Foot Joint Pain

The foot has the most complex bone structure in the entire body: there are twenty six bones and over thirty joints. Occasionally everybody experiences foot joint pain accompanied by swelling and stiffness of the affected area as well. Such problems are triggered either by trauma, arthritis, infections or even structural deficiencies. Foot joint pain can also be caused by gout inflammation accompanied by discomfort and difficulty to walk. Ibuprofen is probably the most popular anti-inflammatory drug prescribed for foot joint pain, but ice bags and leg support will always help too. If you do not know the cause of a foot joint pain it is good to address a specialist in the field for a thorough investigation.

A misalignment of the toes joints will also cause severe foot joint pain; this usually happens when the feet are arched in the wrong way keeping the toes bent. The majority of the treatments aim at curing such foot joint pain by relieving the pressure the misalignment of the toes causes. You may also try some alternative remedies or prevention methods such as shoe protections and even toe shields that limit the friction on the toes. Last but not least, much of the foot joint pain can be alleviated by wearing very comfortable shoes adequate for the season.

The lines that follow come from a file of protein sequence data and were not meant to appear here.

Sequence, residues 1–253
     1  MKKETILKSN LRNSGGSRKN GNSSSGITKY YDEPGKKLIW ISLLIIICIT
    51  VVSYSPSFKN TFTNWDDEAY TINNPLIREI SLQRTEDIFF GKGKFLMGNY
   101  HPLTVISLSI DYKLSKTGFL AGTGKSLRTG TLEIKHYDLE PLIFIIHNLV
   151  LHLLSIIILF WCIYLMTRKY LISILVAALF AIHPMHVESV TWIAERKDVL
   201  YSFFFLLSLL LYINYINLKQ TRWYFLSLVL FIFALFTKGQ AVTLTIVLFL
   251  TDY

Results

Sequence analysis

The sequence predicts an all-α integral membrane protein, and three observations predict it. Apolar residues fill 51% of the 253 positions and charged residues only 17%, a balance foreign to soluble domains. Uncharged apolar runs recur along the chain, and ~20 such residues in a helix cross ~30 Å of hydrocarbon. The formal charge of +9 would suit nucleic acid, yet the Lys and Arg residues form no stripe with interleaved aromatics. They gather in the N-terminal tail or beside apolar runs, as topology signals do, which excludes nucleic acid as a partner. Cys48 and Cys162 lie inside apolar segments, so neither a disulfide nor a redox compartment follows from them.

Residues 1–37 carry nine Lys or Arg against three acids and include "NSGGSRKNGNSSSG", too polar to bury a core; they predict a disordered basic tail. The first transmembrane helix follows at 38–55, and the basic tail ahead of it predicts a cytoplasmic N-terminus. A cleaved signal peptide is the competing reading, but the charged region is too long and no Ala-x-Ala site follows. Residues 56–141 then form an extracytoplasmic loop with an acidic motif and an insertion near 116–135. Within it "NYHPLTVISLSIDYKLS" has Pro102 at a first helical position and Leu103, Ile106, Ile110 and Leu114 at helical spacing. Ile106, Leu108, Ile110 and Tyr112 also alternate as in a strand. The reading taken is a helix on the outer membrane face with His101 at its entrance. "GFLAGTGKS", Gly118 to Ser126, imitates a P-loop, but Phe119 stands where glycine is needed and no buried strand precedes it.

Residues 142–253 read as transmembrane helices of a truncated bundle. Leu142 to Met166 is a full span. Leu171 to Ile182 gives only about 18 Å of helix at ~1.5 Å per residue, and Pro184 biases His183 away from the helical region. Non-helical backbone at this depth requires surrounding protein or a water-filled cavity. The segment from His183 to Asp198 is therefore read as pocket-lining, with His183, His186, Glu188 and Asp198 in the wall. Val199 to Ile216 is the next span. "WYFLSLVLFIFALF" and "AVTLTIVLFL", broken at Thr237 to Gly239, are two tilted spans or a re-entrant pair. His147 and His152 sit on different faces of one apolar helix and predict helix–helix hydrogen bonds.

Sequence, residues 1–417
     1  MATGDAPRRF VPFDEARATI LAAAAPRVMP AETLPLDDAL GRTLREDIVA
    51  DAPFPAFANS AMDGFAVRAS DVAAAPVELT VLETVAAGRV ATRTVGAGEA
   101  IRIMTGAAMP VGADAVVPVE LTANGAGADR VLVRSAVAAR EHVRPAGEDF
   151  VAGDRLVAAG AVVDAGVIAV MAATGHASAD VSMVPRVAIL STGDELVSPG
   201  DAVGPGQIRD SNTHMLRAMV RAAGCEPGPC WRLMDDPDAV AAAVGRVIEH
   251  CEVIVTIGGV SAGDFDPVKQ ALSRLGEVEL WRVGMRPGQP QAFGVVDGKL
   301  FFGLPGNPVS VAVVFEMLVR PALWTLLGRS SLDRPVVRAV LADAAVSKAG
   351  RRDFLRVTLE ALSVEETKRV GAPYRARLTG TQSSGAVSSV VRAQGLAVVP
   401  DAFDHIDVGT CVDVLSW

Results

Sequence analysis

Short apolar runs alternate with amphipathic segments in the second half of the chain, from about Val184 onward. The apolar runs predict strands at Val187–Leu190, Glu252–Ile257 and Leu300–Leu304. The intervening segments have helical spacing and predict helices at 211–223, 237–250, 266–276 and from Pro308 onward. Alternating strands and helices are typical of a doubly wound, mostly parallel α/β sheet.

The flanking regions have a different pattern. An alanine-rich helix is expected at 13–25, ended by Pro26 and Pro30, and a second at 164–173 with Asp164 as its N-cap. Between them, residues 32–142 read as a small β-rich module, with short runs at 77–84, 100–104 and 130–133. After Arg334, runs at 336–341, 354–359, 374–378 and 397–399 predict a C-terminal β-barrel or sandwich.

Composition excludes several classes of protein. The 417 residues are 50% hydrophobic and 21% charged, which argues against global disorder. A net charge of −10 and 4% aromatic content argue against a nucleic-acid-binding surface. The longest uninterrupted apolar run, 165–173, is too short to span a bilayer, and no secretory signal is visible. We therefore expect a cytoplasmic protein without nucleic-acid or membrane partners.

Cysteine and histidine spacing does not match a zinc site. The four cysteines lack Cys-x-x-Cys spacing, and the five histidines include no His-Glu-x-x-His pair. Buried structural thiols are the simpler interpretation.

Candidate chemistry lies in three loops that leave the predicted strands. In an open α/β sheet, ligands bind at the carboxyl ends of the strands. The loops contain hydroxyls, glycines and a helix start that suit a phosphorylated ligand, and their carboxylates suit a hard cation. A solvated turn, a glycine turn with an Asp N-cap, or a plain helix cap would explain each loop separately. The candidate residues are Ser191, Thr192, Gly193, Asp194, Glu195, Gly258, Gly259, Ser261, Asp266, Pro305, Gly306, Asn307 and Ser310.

Gout is among the nastiest problems that have foot joint pain as one of the symptoms. Gout causes inflammation and stiffness of the joints owing to an accumulation of uric acid in the tissues. People who suffer from such a condition cannot rely on anti-inflammatory drugs as such treatments are not designed for long term usage. Massage, acupuncture and a proper diet are likely to help to an improvement of the health condition. Spinach, beans and peas should be left out of the diet since they trigger gout attacks with serious joint pain by their high content of uric acid.

Foot joint pain caused by physical trauma is the easiest to cope with given the fact that the condition is temporary. Depending on the severity of the condition you can recover by simpling putting a bag of ice on the affected area or you may have to lie in bed for a longer period of time. Do not administrate the treatment on your own; in case you suspect the injury to be superficial, do not wait more than forty-eight hours before you address the health care provider. This mention is valid only in case the pain does not stop in the meantime.